Golan Levin: Welcome back every­one. I just want­ed to bring all the artists who’ve spo­ken this evening—Andy Malone, Cherisse Datu, Latoya Peterson, Lexa Walsh, Shawn Pierre, and Vi Trinh. Thanks every­one so much for com­ing and join­ing me up here. 

So I’m gonna kick it off with maybe an intro­duc­to­ry ques­tion, and I’d just love to hear your answers. And I guess my first ques­tion is, how do you see your work dif­fer­ent­ly now, in the con­text of the full group presentation? 

Andy Malone: I was real­ly glad we had this event today. Because I feel like I learned a lot about not only fel­low artists but also about the amend­ments that the they were work­ing on. This was great for com­mu­ni­ty build­ing, and also I feel like we’re now— Or at least I’ll speak for myself. It feels a lit­tle more cohe­sive as far as how my work and how I’m think­ing about the amend­ment, and how I see every­one’s got a dif­fer­ent take in how they’re think­ing about the amend­ment in dif­fer­ent medi­ums and dif­fer­ent ways of doing it. I can see how it all comes togeth­er now and it’s pret­ty cool. I’m not sure if that was the ques­tion you intend­ed, Golan, but.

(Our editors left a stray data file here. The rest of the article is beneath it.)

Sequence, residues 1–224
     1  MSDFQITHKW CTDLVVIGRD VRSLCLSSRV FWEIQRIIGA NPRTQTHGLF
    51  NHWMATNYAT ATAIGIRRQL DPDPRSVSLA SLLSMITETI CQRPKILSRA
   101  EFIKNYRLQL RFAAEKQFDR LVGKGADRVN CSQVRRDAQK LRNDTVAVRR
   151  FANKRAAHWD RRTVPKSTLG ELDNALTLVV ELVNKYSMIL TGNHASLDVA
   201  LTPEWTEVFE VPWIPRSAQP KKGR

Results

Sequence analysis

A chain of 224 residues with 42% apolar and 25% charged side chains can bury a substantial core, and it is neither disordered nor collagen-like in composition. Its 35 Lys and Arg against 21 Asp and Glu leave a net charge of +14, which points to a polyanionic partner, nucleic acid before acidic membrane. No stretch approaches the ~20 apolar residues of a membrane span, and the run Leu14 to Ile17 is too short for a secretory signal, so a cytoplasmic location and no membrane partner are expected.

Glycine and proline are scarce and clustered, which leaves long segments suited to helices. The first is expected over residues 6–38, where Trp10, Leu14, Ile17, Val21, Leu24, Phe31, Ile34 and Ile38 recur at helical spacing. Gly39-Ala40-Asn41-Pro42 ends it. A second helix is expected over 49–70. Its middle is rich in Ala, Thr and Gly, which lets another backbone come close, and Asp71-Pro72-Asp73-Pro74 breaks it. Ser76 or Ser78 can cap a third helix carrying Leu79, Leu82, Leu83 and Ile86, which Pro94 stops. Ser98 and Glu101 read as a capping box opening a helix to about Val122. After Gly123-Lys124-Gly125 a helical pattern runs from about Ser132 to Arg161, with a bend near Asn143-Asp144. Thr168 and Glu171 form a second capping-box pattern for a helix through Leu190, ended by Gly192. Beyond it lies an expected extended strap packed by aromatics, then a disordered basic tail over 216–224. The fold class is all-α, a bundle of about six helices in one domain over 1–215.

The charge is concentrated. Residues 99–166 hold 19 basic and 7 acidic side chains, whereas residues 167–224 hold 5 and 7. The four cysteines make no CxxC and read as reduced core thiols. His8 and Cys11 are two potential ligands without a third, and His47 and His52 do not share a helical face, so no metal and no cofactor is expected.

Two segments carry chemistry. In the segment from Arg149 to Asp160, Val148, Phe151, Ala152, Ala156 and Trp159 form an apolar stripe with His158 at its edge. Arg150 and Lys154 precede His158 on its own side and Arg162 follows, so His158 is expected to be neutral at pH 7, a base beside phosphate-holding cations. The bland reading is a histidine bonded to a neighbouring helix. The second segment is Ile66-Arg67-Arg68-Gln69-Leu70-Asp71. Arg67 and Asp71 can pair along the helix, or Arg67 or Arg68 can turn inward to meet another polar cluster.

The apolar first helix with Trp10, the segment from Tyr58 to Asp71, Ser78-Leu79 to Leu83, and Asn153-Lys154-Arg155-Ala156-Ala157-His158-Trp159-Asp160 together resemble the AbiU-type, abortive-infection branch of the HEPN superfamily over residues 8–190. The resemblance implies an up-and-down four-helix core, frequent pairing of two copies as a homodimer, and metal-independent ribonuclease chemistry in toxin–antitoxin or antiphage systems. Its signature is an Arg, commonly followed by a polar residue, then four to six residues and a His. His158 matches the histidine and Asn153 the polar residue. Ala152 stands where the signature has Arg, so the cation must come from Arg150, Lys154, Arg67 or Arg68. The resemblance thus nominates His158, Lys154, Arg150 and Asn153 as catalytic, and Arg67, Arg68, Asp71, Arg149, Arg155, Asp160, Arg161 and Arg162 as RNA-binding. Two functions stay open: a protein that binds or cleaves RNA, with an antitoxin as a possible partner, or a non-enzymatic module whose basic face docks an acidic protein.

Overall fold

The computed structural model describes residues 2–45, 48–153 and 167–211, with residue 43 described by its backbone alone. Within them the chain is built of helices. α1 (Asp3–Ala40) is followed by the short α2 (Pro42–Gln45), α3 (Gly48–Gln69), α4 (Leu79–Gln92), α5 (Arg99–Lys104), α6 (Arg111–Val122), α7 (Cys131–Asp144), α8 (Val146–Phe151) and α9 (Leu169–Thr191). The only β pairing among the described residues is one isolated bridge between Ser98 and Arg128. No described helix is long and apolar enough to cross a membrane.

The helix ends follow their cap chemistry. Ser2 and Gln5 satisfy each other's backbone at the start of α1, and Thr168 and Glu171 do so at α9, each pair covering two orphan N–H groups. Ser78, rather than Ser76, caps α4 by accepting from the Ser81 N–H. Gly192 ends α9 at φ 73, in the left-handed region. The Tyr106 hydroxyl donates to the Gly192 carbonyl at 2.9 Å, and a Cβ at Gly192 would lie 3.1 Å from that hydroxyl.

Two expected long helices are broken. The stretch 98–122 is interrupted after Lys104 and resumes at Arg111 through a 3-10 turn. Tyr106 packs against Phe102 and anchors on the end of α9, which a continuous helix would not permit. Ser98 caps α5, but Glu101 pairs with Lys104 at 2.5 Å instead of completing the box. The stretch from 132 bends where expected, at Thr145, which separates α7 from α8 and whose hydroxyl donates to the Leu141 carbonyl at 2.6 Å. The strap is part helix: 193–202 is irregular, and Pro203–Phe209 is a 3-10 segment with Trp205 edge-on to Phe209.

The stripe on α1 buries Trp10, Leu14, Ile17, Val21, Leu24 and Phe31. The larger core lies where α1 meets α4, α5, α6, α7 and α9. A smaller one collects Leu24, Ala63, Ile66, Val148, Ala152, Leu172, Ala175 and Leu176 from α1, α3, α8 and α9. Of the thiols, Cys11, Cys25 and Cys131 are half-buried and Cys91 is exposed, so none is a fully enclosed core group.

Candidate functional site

Levin: Yeah, sure. How about some­one else? How do you see your work dif­fer­ent­ly in the con­text of the full group pre­sen­ta­tion? Or how has— Where has it tak­en you?

Lexa Walsh: I’ll chime in. Yeah, I’m just sort of amazed and blown away by the diver­si­ty of approach­es. And it makes me real­ize that my approach, although it is crit­i­cal it’s com­ing from this place of play and fun as an intro­duc­tion to the crit­i­cal, and it might not appear that way from the out­side. And some peo­ples’ are sort of deep from the get-go. But in a way I think that’s going to be this inter­est­ing approach for the audi­ences to come and engage. And there’s some­thing for every­one to dig into.